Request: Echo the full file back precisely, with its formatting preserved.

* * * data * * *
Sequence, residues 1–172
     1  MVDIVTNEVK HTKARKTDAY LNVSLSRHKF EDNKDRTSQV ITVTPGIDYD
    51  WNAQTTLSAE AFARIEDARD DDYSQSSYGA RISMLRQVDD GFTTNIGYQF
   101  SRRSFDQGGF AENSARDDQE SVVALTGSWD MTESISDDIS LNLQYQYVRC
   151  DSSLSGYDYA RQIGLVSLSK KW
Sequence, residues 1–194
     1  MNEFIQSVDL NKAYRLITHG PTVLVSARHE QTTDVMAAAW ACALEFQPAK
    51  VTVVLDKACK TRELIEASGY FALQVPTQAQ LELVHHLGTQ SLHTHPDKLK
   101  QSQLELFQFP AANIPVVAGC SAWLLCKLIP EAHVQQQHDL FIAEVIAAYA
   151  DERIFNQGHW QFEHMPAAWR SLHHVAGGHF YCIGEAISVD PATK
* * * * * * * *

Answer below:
Sequence, residues 1–172
     1  MVDIVTNEVK HTKARKTDAY LNVSLSRHKF EDNKDRTSQV ITVTPGIDYD
    51  WNAQTTLSAE AFARIEDARD DDYSQSSYGA RISMLRQVDD GFTTNIGYQF
   101  SRRSFDQGGF AENSARDDQE SVVALTGSWD MTESISDDIS LNLQYQYVRC
   151  DSSLSGYDYA RQIGLVSLSK KW
Sequence, residues 1–194
     1  MNEFIQSVDL NKAYRLITHG PTVLVSARHE QTTDVMAAAW ACALEFQPAK
    51  VTVVLDKACK TRELIEASGY FALQVPTQAQ LELVHHLGTQ SLHTHPDKLK
   101  QSQLELFQFP AANIPVVAGC SAWLLCKLIP EAHVQQQHDL FIAEVIAAYA
   151  DERIFNQGHW QFEHMPAAWR SLHHVAGGHF YCIGEAISVD PATK